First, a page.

You are citing a paper that has been cited only six times in the peer reviewed scientific literature since it was published in 1984, which was almost 40 years ago. One of those six citations was a self-citation. Papers that are as resoundingly under-cited as that are not definitive.
With that, the "hydrostatic equilibrium" aspect of what makes a planet a "planet" simply is not well-defined. The cited paper definitely is not definitive. The bottom line from the cited paper should not be that Mercury and Venus are far from hydrostatic equilibrium. The bottom line one should deduce from that paper is that the metric used in that paper is not a good metric for hydrostatic equilibrium, and hence the low citation rate.
It is hard to find any paper that is definitively accepted as defining a good parameter regarding hydrostatic equilibrium. Mercury and Venus are very slow rotators and are close to the Sun, and hence subject to tidal forces. These get in the way of establishing a good metric. The Earth is still recovering from the glaciation that ended about 12000 years ago. Moreover, there are signs that parts of former tectonic plates have dived almost to the core mantle boundary. The Earth is not in hydrostatic equilibrium. The Moon and Mars also are not in hydrostatic equilibrium. There are fast rotators such as Haumea that are triaxial in shape. This makes little sense from a naive hydrostatic equilibrium point of view. As an aside, Mike Brown, the discoverer of Haumea, was one of the key killers of Pluto as a planet. Mike Brown proudly uses @plutokiller as his Twitter username. "Hydrostatic equilibrium" is not a good metric unless one uses "approximately in hydrostatic equilibrium" as a rather fuzzy qualifier.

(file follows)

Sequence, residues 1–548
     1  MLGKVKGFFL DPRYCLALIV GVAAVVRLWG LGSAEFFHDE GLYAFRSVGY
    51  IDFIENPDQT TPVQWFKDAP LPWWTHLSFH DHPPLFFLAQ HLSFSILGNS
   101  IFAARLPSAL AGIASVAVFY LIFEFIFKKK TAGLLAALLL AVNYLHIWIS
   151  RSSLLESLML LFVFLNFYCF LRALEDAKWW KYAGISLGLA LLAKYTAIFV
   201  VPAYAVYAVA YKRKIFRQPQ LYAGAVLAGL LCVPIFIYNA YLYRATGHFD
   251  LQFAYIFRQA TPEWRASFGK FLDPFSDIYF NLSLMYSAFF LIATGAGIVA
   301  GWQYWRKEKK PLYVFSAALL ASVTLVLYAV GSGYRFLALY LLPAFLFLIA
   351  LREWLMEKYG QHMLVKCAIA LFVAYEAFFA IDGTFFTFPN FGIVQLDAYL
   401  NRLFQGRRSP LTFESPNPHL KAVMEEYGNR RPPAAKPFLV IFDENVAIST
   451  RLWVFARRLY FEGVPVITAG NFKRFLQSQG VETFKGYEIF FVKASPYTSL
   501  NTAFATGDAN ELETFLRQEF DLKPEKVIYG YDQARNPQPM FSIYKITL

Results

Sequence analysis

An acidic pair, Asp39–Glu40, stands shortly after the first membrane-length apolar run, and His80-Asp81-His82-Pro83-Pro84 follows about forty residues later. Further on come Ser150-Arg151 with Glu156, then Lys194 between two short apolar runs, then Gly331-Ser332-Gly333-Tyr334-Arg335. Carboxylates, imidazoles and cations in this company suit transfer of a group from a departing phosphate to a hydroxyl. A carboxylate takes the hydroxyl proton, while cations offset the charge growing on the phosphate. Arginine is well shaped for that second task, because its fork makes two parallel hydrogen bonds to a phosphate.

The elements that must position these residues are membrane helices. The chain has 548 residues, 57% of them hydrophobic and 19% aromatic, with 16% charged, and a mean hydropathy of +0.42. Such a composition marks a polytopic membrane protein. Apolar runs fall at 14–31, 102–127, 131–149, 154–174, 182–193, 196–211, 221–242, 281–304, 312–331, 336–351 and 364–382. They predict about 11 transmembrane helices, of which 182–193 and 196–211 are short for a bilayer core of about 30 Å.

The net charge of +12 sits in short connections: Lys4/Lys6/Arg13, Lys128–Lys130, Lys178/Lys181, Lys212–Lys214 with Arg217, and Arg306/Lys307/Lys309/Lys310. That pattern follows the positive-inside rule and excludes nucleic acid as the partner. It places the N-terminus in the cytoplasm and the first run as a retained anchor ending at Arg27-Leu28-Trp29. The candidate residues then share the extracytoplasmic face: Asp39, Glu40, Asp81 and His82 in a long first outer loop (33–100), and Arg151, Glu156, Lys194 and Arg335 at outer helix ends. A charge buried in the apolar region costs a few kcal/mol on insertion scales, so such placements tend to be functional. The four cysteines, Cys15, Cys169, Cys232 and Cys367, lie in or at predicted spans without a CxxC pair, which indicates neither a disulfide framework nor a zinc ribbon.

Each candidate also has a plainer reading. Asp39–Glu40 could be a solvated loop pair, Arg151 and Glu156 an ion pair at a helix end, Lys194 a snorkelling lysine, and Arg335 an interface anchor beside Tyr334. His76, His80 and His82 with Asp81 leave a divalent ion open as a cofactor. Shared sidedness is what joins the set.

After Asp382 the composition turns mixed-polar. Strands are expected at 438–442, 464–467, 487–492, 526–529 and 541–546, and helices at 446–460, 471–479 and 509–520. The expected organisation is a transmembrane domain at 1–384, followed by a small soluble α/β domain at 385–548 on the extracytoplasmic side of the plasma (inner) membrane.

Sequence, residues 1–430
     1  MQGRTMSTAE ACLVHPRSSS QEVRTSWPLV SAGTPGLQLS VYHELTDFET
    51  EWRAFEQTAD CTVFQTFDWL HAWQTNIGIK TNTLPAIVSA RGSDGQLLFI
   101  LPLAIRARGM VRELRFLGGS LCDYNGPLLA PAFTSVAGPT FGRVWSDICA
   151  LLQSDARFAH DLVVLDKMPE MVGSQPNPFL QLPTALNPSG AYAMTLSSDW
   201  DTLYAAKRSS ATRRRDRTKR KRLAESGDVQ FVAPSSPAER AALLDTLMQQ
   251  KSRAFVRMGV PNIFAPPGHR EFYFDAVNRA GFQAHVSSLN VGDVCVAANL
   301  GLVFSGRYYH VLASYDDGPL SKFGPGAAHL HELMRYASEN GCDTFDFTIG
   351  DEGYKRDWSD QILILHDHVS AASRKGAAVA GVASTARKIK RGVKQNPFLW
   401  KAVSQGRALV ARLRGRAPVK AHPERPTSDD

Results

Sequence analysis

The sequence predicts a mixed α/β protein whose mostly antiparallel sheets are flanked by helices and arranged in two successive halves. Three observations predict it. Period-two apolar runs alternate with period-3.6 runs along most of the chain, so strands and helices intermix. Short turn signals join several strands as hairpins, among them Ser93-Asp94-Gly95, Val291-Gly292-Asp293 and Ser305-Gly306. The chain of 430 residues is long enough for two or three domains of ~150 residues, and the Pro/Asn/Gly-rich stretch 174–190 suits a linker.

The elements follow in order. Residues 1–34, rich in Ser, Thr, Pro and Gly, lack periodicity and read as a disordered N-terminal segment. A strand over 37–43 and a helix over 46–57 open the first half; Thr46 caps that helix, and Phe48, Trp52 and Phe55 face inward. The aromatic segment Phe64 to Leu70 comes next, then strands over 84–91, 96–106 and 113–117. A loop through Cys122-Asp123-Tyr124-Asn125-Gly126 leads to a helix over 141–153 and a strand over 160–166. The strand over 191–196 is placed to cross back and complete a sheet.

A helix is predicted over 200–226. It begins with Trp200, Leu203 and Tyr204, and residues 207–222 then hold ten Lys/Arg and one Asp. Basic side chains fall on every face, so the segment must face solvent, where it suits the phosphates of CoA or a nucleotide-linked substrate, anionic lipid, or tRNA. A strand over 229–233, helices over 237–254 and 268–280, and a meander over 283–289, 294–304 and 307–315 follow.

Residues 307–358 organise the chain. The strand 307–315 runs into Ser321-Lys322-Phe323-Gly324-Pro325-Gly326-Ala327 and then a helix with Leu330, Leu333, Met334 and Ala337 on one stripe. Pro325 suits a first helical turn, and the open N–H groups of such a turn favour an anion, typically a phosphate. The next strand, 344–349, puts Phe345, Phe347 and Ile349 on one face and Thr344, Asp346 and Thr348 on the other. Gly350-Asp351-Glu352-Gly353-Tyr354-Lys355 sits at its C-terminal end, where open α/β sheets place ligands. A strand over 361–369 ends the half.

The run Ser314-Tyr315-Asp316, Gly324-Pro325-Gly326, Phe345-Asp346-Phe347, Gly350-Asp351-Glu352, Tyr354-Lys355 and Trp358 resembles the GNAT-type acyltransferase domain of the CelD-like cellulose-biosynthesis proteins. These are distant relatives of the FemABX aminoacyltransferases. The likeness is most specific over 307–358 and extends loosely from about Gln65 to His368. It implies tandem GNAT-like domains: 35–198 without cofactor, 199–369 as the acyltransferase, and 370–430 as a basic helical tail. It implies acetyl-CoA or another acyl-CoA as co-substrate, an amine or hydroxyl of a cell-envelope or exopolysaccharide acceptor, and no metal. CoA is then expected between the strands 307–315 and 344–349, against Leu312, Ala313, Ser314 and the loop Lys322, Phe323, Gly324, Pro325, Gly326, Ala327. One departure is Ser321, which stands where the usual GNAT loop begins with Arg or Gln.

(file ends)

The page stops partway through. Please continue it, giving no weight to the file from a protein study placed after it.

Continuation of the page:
Regarding the other two attributes:
Orbiting the Sun is well-defined, okay, but wow. That means there are eight planets in the entire universe. All of the exoplanets that have been discovered to date are not "planets." However, this part of the definition completely bypasses several potential problems:
- The brown dwarf / super-Jupiter problem. There's no clear dividing line between a brown dwarf and a super-Jupiter.
- The newly forming star system problem. Things that might eventually become planets are not quite yet planets in those newly forming star systems.
- The rogue planet problem. Whether planet-sized objects ejected from a star system still count as planets is debated, and that perhaps includes the hypothetical fifth giant planet that some posit was ejected from our solar system early in its formation.
The "clearing the neighboring" concept also is well-defined; there are multiple metrics that agree that the gap between the eight planets and the myriad non-planets is a huge multiple order of magnitude gap. We don't know whether this applies outside the solar system. It probably doesn't apply for newly formed star systems, but it probably does apply for star systems more than a few hundred million years old. Almost all of the exoplanets orbiting stars other than the Sun would most likely qualify as planets were it not for the "planets orbit the Sun" clause.
One of the chief proponents of the "clearing the neighborhood" qualification, Mike Brown (mentioned above) used as evidence for the proposed demotion of Pluto's status a previously written paper by one of the key opponents of the "clearing the neighborhood" qualification, Alan Stern, who is the chief scientist for the New Horizons spacecraft that flew by Pluto and is continuing to this day. Two other papers were also used, all showing a huge gap between Mars and Pluto.
That paper by Stern found a parameter with a vast six order magnitude gap between Mars and Pluto. In that paper, Stern proposed that the eight objects in the solar system that have "cleared their neighborhood" using his own parameter be called überplanets while the lesser objects that still appear to be round-ish be called unterplanets. The IAU decided to call them planets and dwarf planets, with the exception that moons did not qualify as either a planet or dwarf planet. Dwarf planets must be objects that orbit the Sun as opposed to orbiting a planet or dwarf planet. Stern's proposal would have designated some of the larger moons as unterplanets.